Newfoundland's maturation is right on track

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There is no way I'm going to get into political, or financial statistics about Newfoundland--it's boring and unnecessary for a layman's analysis of the variance between demographic groups in our province. Clearly, there is a strong forward movement happening that has improved our optimism for Newfoundland's financial future--a solid future that effects all of us.

     Newfoundland's best, and brightest civilians have been taking an active role in helping set the stage for our province--in preparation for what is sure to be, an exponential growth spurt over the next twenty-five years. There is no amount of fish that could ever match the stability of the great fiscal years we may have ahead of us. The old school ways of thinking are long past for Newfoundland--and most people couldn't be happier.

     What the average person in Newfoundland has trouble seeing right now, is that life will eventually improve for their families, their children, and grandchildren. And, what a lot of people are missing, is the effort being made by civilian business people of Newfoundland--helping to get our cities and towns prepared for the highest level of participation in the world. Our province will be a Canadian financial 'superpower' (nuke free) and when we peak with world respect, our kids should be more than ready(even thought us older folks are a little behind).

     I've said this before and I'll say it again, only because it's such a valid, and tangible point. Newfoundland is better now than when I arrived here just three short years ago. The people of Newfoundland made this happen, and we've only just begun. I just happen to be here at the right time.

     The Dunderdale government has gone through a lot of challenging times in the past 24 months. They have made some decisions that haven't sat well with many Newfoundlanders, including myself. However; standing back and looking at the situation, I have to have some empathy for the tough issues they've had to deal with and I fully understand how some of their mistakes were made, and why some decisions were reversed. Government can not always fully explain their long term goals without severe criticism—long term prospects are not what people generally want to hear.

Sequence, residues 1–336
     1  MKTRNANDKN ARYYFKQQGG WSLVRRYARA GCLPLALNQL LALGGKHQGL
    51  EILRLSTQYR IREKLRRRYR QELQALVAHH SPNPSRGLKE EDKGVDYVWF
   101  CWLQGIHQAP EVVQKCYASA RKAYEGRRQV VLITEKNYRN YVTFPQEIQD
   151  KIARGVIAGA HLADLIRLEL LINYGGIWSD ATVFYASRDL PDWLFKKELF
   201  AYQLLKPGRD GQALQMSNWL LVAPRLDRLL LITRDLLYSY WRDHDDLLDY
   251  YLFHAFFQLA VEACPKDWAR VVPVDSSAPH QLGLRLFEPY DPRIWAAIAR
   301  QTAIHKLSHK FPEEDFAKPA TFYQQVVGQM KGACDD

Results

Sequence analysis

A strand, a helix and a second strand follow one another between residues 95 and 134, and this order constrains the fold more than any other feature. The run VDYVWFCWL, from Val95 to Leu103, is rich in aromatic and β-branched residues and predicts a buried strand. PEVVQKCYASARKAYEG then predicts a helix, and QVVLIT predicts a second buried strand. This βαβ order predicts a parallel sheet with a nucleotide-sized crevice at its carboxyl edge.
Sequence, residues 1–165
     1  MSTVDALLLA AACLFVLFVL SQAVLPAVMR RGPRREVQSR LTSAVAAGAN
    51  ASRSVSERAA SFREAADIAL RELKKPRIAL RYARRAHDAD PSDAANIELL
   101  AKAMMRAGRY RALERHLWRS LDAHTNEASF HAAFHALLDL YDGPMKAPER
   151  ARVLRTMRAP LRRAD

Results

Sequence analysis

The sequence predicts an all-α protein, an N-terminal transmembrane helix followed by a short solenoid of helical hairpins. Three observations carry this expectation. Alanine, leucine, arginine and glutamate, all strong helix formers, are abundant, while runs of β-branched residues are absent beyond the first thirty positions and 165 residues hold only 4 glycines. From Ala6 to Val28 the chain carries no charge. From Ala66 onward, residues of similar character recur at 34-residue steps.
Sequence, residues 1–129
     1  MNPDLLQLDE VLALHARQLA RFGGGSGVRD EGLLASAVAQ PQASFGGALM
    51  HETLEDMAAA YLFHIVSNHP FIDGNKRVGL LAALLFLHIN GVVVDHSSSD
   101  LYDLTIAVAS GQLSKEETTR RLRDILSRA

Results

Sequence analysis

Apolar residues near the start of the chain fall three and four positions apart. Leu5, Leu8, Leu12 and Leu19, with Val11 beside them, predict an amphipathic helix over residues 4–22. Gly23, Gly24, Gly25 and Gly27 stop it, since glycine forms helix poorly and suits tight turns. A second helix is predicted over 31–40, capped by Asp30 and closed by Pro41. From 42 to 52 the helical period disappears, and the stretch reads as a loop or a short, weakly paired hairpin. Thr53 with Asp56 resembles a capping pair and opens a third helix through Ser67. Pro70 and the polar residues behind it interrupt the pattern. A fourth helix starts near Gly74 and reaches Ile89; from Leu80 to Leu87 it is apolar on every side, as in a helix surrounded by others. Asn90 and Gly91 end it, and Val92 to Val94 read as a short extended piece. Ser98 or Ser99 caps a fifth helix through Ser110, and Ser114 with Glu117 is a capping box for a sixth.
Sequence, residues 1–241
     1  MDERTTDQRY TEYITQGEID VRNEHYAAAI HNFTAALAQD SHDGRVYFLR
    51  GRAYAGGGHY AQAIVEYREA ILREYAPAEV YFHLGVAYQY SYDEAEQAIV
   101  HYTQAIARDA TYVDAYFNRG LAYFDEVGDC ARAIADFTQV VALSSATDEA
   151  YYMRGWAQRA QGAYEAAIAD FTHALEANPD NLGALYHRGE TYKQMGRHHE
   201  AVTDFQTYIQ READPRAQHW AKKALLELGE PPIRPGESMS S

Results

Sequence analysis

Overall, what makes for a good government, is one that can recognize, and act upon it's errors with relative public approval. I have been critical of the current government in the past, but given the size of the shark tank they've been thrown into, they have done the best anyone could have expected. Big industry will move in it's own direction regardless of leadership, but it is without a doubt the efforts of the smaller business and property owners, that makes the difference between average, or the best of the best.

     I have had the pleasure of being associated with business owners in St John's since the day I arrived on the island. Although not a part of any government organization--they have had the ability to look towards the future by investing in the rebuilding, and resurection of vital heritage properties, and interests within their reach. These are average Newfoundlanders who have invested their own time and money--relying on pure faith in the historical fortitude of the province they call home.

     There are probably thousands of similar stories of civilian participation to be told--equal in thier long term value. We will always look up to our government for direction, and should maintain our vigilance in making sure they have our futures at heart--but, they can't do everything for everyone. We are the one's who are building the stage--and we are the ones who will work in concert. Big industry, and world banking has come to Newfoundland for good. Lets give them a home they never want to leave, and use it to our advantage.

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